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West Bank wall still triggers weekly protests in village

By Paula Hancocks, CNN
STORY HIGHLIGHTS
  • Protesters, Israeli soldiers clash every Friday afternoon in two West Bank villages
  • Object of protest is Israel's security barrier; Palestinians call it a wall of separation
  • Palestinian group: Six protesters have been killed in two villages since July 2008
  • Despite the mayhem, protest is billed by organizers as nonviolent
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Bil'in, West Bank (CNN) -- Tear gas, stun grenades, rubber bullets and rocks: It must be Friday afternoon in the West Bank village of Bil'in.

It's billed as a nonviolent protest against what Israel calls its security barrier, what the Palestinians call the apartheid separation wall.

The barrier separates the villagers from their farmlands. Protesters come from all over the world to support the Palestinian cause.

A few Palestinian youths covering their faces with scarves throw stones at a couple dozen Israeli soldiers in full riot gear and armed with tear gas, stun grenades and bullets.

The protest soon degenerates into chaos as it has nearly every week for the past five years. Six protesters have been killed in Bil'in and the neighboring village of Na'alin since July 2008, according to the Palestinian group, Popular Struggle, one of several organizers of the weekly protests. Several hundred have been injured by tear gas canisters and Israeli bullets. One hundred Israeli soldiers have been injured from stone throwing, according to the Israeli military.

The organizers say they have little control over the youths who prefer to throw stones at the rallies. They insist that non-violence is the best weapon they have to fight against Israel's wall and occupation.

Video: Crackdown on weekly protests

Israel has increased its nighttime raids into the West Bank in recent months, arresting those it believes have acted violently or those who are suspected of organizing the protests.

"They cannot be above the law, and that's what we're dealing with," Israel Defense Forces spokesman, Peter Lerner said, referring to the protest organizers.

Critics say Israel is simply arresting those who oppose its policies towards the Palestinians. Mohamed Othman, one of the organizers of Stop the Wall campaign, was detained in September upon his return from Norway where he was lobbying the government for support.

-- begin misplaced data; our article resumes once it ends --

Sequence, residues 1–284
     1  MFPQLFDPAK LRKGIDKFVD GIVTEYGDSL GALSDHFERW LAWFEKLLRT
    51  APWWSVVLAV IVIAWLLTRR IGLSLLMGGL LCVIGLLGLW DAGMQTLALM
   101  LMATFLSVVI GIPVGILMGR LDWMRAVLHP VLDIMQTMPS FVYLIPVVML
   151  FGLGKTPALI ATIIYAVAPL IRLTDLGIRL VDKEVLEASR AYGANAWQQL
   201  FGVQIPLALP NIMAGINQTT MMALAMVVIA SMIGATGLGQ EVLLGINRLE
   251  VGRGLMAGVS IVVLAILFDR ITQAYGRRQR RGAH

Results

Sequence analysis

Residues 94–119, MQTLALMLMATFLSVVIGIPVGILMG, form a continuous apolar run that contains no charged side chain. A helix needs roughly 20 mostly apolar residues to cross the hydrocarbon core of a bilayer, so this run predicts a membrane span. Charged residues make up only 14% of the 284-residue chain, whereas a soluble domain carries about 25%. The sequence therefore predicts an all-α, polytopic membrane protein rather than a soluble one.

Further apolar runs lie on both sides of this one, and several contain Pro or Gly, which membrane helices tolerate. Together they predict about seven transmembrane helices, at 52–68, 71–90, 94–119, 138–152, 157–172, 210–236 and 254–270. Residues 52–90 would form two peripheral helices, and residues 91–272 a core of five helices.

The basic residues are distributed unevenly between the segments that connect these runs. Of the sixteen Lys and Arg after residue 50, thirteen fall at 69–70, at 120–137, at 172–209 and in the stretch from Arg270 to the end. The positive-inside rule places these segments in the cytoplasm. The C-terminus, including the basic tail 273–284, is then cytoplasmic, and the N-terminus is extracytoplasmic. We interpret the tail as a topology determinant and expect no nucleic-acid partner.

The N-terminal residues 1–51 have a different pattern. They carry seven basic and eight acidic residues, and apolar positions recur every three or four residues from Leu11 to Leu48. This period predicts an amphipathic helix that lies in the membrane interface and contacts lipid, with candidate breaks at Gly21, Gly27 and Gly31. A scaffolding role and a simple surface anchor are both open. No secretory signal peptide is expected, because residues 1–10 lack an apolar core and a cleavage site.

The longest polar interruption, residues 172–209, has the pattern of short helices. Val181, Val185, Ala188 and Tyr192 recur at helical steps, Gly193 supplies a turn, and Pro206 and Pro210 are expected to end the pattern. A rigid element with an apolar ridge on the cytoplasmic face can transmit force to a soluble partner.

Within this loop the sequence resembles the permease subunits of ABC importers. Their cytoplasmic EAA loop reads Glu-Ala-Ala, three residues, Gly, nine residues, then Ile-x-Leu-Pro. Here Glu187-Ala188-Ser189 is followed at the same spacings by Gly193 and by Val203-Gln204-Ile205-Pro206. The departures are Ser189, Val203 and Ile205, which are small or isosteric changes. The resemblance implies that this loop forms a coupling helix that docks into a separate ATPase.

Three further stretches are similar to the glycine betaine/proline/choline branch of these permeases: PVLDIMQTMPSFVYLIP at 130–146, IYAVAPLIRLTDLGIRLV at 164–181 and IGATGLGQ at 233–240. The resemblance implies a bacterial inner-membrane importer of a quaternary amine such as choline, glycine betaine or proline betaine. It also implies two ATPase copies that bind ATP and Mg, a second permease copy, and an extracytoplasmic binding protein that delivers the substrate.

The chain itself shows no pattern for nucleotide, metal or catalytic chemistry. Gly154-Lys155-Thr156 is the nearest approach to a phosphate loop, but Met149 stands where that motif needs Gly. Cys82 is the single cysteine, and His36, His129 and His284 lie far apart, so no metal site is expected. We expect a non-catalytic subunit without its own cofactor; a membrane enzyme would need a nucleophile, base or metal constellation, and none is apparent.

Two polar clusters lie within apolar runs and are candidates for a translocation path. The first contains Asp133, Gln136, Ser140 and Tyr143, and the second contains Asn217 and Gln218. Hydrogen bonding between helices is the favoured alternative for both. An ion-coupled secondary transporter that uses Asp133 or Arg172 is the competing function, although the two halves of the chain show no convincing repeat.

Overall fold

He said he was held for four months -- three in solitary confinement -- then released without charge. Israel does not comment on these cases.

"We can see that Israel is starting to be afraid of the popular resistance because it's coming from inside the people and the people decide," Othman said.

They cannot be above the law, and that's what we're dealing with.
--Peter Lerner, Israeli military spokesman

Israel has arrested at least 150 protesters from the two villages' demonstrations over the past two years, according to Popular Struggle. More than 30 are still locked up, the organization said. The Israeli military told CNN it was checking those figures.

One coordinator of the Bil'in Popular Committee Against the Wall, Abdallah Abu Rahmah, also a teacher, was arrested in December. One of the charges against him was arms possession for collecting tear gas canisters used by the Israeli military against demonstrators and showcasing them.

The anti-wall demonstrators say this is a grass-roots movement. The Israeli military accuses those it has arrested of incitement.

The IDF denies it has changed its tactics in dealing with the anti-wall protesters, even though the number being arrested has risen sharply. The IDF on the ground now considers Bil'in a closed military zone on Fridays.

CNN was refused access by Israeli military forces stationed outside the village, who said only those who lived in the neighborhood could enter. But IDF spokesman Peter Lerner said the closure was meant only for protesters.

A few hours later, in Bil'in, the Israeli soldiers withdrew from the village under cover of tear gas. Some Palestinian youths followed them with stones, while the vast majority of nonviolent protesters head home.

Same time, same place, next Friday.